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The day-to-day performance of the HomTom HT10 is impressive with the benchmarks below showing us that the HT10 can hold its own against phones more than twice the price. This is thanks to the top-end Helio X20 CPU that powers the HT10. Powering the graphics inside the HT10 is the Mali T880 GPU which can handle all but the most graphically intense games with ease.

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The HT10 outperforms smartphones twice its price


Obviously, benchmarks & statistics can only tell us so much but I’m happy to say that I’ve had no slowdown or lag issues in during my testing of the HT10. Thanks to the impressive Helio X20 CPU the HT10 very responsive smartphone.

You can see the results of my benchmarking tests below as well as the quick tech-specs.

CPU: MediaTek Helio X20 10-Cores (2 x 2.3GHz, 4 x 2.0GHz, 4 x 1.4GHz)
GPU: Mali T880, 700MHz
Storage: 32GB (read speed: 171MB/s , write speed: 60MB/s)
Expandable: Micro SD (uses SIM2 slot)

Geekbench results

Device Single-Core Multi-Core
Oneplus 3 1698 4015
HomTom HT10 1655 3298
Huawei Nexus 6P 1212 2848

Antutu results

Device Score
Huawei Honor 8 94164
HomTom HT10 87631
Samsung Galaxy S6 Edge 81087



Straight out of the box, the HT10 run on a skinned version of Android 6.0 which is called ‘HomTom Fire’. Personally, I’m not a big fan of this skin as it removes the app drawer and adds custom icon styles to the popular apps. Luckily, you can easily install a third party launcher for free from the App Store such as Google Now or Nova which will give you a much closer to stock Android look & feel.

Unfortunately, there are a few bloatware apps pre-installed on the HT10 but most of these can be uninstalled easily so no problems there.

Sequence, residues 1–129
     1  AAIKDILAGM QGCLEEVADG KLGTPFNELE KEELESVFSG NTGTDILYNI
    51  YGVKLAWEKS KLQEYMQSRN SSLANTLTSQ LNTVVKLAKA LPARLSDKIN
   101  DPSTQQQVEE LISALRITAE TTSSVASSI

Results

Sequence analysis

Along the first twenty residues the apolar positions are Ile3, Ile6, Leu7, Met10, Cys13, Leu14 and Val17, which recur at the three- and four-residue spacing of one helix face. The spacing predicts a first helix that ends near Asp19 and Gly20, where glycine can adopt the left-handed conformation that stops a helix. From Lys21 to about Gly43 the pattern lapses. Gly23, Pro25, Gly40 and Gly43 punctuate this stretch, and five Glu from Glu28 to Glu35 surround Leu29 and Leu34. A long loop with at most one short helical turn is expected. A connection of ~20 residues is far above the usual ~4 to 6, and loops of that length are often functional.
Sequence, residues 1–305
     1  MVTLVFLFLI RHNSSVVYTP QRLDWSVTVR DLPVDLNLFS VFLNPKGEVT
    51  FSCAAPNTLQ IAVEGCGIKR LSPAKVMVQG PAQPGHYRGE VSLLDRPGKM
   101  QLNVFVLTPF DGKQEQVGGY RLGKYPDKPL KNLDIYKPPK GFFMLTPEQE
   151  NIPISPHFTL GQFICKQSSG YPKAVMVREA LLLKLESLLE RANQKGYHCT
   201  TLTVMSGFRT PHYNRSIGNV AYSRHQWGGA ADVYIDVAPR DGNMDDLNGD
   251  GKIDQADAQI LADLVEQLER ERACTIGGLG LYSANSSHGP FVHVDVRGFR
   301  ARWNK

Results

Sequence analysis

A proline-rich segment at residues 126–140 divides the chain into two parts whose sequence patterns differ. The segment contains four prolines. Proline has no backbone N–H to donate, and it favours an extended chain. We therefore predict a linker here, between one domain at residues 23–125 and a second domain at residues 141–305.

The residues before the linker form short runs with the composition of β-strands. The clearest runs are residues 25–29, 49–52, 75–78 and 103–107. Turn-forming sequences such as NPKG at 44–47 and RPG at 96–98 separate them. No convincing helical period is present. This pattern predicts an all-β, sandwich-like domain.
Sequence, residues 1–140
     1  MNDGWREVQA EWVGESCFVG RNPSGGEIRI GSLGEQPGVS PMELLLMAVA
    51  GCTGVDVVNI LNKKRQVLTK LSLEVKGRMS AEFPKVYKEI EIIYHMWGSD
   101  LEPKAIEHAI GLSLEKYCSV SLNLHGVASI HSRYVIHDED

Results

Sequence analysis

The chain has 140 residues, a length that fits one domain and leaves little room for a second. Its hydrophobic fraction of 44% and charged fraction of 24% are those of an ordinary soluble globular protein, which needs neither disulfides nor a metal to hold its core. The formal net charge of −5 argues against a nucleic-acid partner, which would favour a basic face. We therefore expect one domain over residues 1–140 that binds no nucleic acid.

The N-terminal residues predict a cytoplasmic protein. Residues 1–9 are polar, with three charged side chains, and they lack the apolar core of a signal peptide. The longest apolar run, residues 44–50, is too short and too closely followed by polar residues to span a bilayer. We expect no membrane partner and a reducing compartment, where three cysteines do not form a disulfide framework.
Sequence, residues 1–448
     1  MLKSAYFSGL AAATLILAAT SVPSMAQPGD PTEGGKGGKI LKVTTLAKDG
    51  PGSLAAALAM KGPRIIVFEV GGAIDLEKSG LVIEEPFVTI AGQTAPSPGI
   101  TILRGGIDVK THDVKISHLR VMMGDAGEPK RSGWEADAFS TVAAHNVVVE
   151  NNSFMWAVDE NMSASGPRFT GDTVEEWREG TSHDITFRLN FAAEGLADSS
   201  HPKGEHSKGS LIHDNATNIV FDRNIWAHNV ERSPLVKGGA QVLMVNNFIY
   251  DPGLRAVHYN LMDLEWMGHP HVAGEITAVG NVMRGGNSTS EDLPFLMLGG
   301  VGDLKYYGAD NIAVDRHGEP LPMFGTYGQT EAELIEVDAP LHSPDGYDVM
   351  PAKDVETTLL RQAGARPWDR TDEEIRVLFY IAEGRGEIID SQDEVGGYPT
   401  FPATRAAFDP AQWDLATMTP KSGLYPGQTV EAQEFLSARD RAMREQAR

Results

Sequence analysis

One software feature that I found irritating is that the iris unlock takes precedence on the ‘unlock screen’, so if you are used to your music app telling you what song is playing on this screen you will now need to unlock the phone in order to see this.

Software Features: Android 6.0, Iris Recognition, MiraVision, Turbo Download (4G + WiFi), HotKnot

Iris Recognition Unlocking

Of course, the elephant in the room that I’ve not discussed as yet is the HT10’s USP, the ‘Second Generation Iris Recognition Unlocking’.

In reality, it’s not as slick as the name suggests. To unlock the phone you need to first press the power button, then look at the screen. A small window opens up showing you what the iris recognition camera can see guiding you until the camera locks onto your retina.

It’s not the first time we’ve seen this type of Iris Recognition Technology in smartphones as it was also present in some of the top-end Lumia phones released last year but wasn’t widely well-received.

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So why would you want Iris Recognition technology?

According to the manufacturer, Iris Recognition is a much more secure way of locking your phone than using a standard fingerprint scanner. But, unless you have a reason for the extra added security then I think it’s a bit overkill. For most people, using a fingerprint scanner is a much easier process to unlock your phone than holding up your phone to your face and trying not to blink.

I found the iris recognition worked well in a variety of indoor situations (light & dark) but really struggled when there was sunlight involved. If the iris recognition fails you are then reverted back to the standard pin unlock screen and have to repeat the whole process again.


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Overall, although a cool & unique feature, I think that most users won’t need the extra security that the Iris Recognition offers and would have been better off with the speed & ease of a fingerprint scanner instead.

Speaker & Call Quality

I found the call quality to be good, the other party sounded clear and unmuffled, and the call volume can be adjusted to a decent level too.

The loudspeaker at the bottom is a little flat for music and could be louder for calls but even still it is acceptable. Due to the positioning of the speaker you will have reduced sound quality when playing games that require you to hold the phone in landscape mode, but that’s par for the course when the speakers are in this at the bottom of the device.


Unfortunately, even though the camera in the HT10 (IMX230 Exmor RS) is the same as the one in the best camera phone I’ve ever owned, the Huawei Honor 7, the results from the HT10 weren’t nearly as impressive.

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In a well-lit situation I could get some of the best photos I’ve ever got from an ‘import phone’ (though still miles away from the Honor 7’s quality), but as soon as the lighting conditions were less than perfect the photos suffered massively.

The rear of the phone has the camera, another microphone and a single LED flash. Again that is a little disappointing as the standard for a top spec phone these days is to have dual-LED flash at least.